HSJ’s essential digest of Tuesday’s significant developments for healthcare leaders.

Sign up to receive the daily Executive Summary email

Teaching hospital finances growing grimmer

A big beast of the hospital world, University College London Hospitals Foundation Trust looks set to scrape recording a “small surplus” for 2014-15, after indicating it had received sufficient specialist “Project Diamond” national funding. It comes contrary to expecations the specilist funding may be withdrawn.

Elsewhere among the large teaching hospital trusts, though, things are looking grimmer than ever. King’s College Hospital Foundation Trust, one of the country’s most prestigious teaching hospitals, reported a £47.4m deficit in March - £19.4m worse than it had previously predicted, although the audited position has not yet been reported.

As HSJ’s editor remarked, the total deficit built up by just a handful of big trusts is alarming:

Ministerial health team falls into place - with the departure of “pecs dance” Dr Dan Poulter

The government appears to have finalised its ministerial team. IN are Alistair Burt (covering the social care beat) and Ben Gummer (portfolio TBC) and OUT are Norman Lamb (who is off to compete for the Liberal Democrat leadership) and, more amusingly in the immediate term, Dr Daniel Poulter. Dr Dan is a working hospital doctor and says he can no longer balance that with ministerial life. May we take this opportunity to remind readers of some of his best known achievements: His topless flu jab snap, and “pecs dance” notoriety.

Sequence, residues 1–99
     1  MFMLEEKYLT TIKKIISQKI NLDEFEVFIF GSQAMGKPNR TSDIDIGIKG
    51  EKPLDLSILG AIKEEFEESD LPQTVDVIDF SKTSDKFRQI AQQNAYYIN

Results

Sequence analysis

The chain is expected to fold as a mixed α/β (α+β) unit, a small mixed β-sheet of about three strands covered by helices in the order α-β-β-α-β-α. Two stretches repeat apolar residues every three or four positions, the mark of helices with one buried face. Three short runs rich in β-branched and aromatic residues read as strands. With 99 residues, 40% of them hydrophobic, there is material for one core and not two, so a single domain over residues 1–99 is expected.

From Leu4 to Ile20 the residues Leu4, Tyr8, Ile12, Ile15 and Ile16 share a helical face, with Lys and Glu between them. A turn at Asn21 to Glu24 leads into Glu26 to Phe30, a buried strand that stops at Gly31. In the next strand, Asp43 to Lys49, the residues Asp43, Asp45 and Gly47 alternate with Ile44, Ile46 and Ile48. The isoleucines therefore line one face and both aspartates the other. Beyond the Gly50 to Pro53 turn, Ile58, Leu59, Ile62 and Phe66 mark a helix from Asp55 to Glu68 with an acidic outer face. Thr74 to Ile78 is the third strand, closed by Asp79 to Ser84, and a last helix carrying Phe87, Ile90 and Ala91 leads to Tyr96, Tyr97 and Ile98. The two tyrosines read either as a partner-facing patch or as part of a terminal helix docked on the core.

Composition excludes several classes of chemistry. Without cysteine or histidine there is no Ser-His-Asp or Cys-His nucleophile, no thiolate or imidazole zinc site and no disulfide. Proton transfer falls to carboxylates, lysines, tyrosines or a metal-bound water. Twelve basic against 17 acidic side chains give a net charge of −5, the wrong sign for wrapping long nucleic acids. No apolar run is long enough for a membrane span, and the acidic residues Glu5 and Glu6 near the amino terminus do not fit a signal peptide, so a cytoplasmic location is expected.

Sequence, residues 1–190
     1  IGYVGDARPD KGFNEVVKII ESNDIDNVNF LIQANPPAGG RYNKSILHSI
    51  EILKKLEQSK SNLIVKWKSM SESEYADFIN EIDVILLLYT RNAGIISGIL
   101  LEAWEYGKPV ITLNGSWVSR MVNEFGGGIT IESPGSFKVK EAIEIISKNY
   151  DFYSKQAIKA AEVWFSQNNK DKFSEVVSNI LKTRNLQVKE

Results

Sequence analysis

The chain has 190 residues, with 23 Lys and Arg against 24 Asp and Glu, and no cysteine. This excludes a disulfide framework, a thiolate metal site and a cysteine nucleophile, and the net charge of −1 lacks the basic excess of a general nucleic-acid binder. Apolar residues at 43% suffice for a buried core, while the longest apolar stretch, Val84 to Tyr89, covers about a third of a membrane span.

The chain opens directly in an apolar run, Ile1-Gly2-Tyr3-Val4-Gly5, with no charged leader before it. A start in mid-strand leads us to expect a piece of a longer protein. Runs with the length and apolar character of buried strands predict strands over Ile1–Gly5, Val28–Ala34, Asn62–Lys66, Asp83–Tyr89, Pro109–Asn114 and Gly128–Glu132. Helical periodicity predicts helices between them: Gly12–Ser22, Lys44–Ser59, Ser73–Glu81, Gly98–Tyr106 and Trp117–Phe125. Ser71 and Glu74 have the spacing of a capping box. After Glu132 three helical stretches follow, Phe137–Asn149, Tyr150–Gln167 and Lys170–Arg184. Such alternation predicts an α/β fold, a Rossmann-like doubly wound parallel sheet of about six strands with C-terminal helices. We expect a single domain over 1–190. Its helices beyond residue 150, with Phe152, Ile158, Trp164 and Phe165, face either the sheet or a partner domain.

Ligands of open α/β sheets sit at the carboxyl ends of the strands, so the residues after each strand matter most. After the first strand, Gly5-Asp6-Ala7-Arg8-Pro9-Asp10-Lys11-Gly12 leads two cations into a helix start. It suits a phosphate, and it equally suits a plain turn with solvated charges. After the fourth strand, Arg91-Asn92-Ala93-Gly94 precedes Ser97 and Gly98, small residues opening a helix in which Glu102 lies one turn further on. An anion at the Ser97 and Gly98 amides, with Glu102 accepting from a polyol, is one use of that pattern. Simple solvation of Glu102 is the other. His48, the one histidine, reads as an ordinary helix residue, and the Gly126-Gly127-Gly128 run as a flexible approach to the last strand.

RETURNING is Jeremy Hunt as health sec, as revealed by HSJ on Monday. It appears he will be joined too by existing DH ministers George Freeman and Jane Ellison. No confirmation yet about whether Lord Howe is returning to complete the team.

Nursing shortfall a “ticking time bomb”

We are “teetering on the brink of disaster on unprecedented scale” because of a shortage of nurses, argues Jan Quallington, head of the Institute of Health and Society at Worcester University, in a comment piece for HSJ.

The nursing shortfall, which could be as high as 190,000 by 2016, has led to “short term, costlier measures to plug the gaps”, such as the use of agency staff and recruiting overseas nurses.

“It is immensely frustrating that the obvious solution of producing more committed, domestically trained nurses, continues to stare us in the face,” she writes.

Sign up to receive the daily Executive Summary email